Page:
This July the 4th, 2016, NASA's Juno mission will finally arrive at Jupiter and fire its main engines for about 35 minutes to place itself (if all goes well) into an elliptical polar orbit around the gas giant planet.

Once there it's hoped that Juno can survive for about 20 months, during which time it will make at least 37 skimming passes over Jupiter's cloud tops - coming as close as just 4,700 km to the planet (2,900 miles). That's a record. Not counting the Galileo probe's death plunge, the nearest we've ever flown over Jupiter before was some 43,000 km (27,000 miles) out with the Pioneer 11 probe.

Juno will deploy a suite of scientific instruments to image and probe Jupiter and its atmosphere. With luck the mission will discover more about the extraordinary and vast internal terrain of this gas giant, including clues to its very origins. 

But visiting a giant world comes with a host of unique problems. For one, Jupiter is 317 times the mass of the Earth, and orbital insertion in such a deep gravity well is no mean feat. As I've written about previously in these pages, during its July 4th maneuvering Juno will have the distinction of hitting a velocity of some 160,000 miles per hour relative to Jupiter. That will be a temporary speed record for space exploration until NASA's Solar Probe Plus gets into close orbit of our own star sometime after 2018.

The other major challenge is the intense particle radiation that exists around Jupiter. With its powerful magnetic field (over 10 times the raw strength of the Earth's) the huge planet whips up an extremely damaging environment of accelerated electrons and ions.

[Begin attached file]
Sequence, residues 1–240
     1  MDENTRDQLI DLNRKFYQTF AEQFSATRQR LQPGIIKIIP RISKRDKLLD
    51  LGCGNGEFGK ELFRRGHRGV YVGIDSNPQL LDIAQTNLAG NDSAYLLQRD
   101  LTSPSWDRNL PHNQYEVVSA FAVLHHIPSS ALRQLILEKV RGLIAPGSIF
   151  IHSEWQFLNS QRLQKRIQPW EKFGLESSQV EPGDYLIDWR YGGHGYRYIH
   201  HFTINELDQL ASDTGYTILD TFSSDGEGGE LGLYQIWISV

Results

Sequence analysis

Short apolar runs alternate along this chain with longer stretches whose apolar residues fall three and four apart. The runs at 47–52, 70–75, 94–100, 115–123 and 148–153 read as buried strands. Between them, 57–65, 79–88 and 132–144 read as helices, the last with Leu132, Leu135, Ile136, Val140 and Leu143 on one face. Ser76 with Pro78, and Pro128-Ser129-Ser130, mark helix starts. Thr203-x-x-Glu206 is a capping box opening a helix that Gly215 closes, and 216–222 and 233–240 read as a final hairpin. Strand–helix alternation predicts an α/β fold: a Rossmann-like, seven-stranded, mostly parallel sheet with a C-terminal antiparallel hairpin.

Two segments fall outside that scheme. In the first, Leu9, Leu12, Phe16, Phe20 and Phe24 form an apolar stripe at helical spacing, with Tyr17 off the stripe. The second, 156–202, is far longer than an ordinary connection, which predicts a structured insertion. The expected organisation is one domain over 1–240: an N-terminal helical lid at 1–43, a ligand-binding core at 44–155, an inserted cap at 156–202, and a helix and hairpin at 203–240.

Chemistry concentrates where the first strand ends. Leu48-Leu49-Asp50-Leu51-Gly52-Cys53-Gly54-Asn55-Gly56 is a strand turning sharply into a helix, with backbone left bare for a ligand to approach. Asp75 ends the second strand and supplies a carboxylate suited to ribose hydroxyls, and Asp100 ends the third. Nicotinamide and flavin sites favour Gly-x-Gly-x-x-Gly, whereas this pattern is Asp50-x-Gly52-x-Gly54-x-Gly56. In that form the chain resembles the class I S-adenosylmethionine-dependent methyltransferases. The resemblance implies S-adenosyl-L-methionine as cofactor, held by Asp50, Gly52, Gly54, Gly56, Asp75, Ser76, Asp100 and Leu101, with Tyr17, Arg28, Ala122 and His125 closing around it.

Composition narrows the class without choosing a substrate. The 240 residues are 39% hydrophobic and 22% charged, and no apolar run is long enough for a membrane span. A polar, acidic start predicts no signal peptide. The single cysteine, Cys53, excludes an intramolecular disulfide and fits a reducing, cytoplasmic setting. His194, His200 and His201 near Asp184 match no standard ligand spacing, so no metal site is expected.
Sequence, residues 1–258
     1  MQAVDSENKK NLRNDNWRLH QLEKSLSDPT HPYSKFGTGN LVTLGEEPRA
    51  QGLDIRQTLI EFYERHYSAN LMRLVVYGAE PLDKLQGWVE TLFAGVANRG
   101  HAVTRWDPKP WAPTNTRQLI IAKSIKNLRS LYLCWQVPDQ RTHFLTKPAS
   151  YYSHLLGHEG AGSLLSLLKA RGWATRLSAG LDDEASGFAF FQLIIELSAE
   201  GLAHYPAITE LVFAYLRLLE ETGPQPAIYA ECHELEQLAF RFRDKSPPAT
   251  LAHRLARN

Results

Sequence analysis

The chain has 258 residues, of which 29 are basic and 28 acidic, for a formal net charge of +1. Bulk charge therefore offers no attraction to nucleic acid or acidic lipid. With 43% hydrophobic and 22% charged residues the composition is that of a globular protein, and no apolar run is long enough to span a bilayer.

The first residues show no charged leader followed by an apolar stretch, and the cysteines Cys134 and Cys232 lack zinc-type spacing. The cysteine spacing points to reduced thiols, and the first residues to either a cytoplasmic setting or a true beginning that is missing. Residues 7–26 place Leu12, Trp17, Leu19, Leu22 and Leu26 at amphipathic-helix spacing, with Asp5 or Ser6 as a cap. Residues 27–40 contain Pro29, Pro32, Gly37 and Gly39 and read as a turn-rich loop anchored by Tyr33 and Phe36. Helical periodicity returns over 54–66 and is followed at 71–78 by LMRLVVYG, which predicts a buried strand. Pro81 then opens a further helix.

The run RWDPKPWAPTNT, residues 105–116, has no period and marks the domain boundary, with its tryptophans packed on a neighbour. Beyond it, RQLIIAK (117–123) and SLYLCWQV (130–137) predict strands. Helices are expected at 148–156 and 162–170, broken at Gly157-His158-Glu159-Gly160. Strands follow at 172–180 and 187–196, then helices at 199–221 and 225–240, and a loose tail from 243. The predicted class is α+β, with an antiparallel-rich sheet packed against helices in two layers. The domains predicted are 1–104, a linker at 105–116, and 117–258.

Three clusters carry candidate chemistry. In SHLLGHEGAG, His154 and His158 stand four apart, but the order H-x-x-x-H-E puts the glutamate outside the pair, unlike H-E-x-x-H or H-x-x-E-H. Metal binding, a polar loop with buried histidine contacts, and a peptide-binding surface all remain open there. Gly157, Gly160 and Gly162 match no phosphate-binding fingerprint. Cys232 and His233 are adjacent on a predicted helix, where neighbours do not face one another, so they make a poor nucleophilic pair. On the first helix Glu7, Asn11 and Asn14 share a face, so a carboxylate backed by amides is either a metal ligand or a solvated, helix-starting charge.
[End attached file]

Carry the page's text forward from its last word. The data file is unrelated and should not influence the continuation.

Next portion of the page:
It's estimated that Juno will experience a total radiation dose equivalent to roughly 100 million dental X-rays over its primary mission lifetime, or five million a month. That's bad news for the critical electronics on the spacecraft, where particle radiation can not only disrupt regular functions but will, over time, permanently wreck their molecular structure. 

So how do you get up close to Jupiter without being quickly crippled?

To buy Juno more time the spacecraft design not only incorporates the best radiation-hardened processor (the rather alarmingly named RAD750 flight chip) but a first-of-its-kind titanium vault to shield the electronics. This 400 pound box (over 170 kilos) is made of 1 centimeter thick titanium and will reduce the total particle radiation by roughly a factor of 800. 

Here comes the Juno vault (Credit: NASA/JPL, Source page here)

This is a major, but necessary investment in terms of spacecraft mass. Even this vault won't help forever though. As the highest energy relativistic electrons whack into the titanium they will release sprays of secondary particles that will reach all the way inside to eventually knock out Juno's vital organs.

With a little luck, well before that happens, Juno will have provided us with a new vision of another great vault - the still mysterious depths of the King planet of our solar system.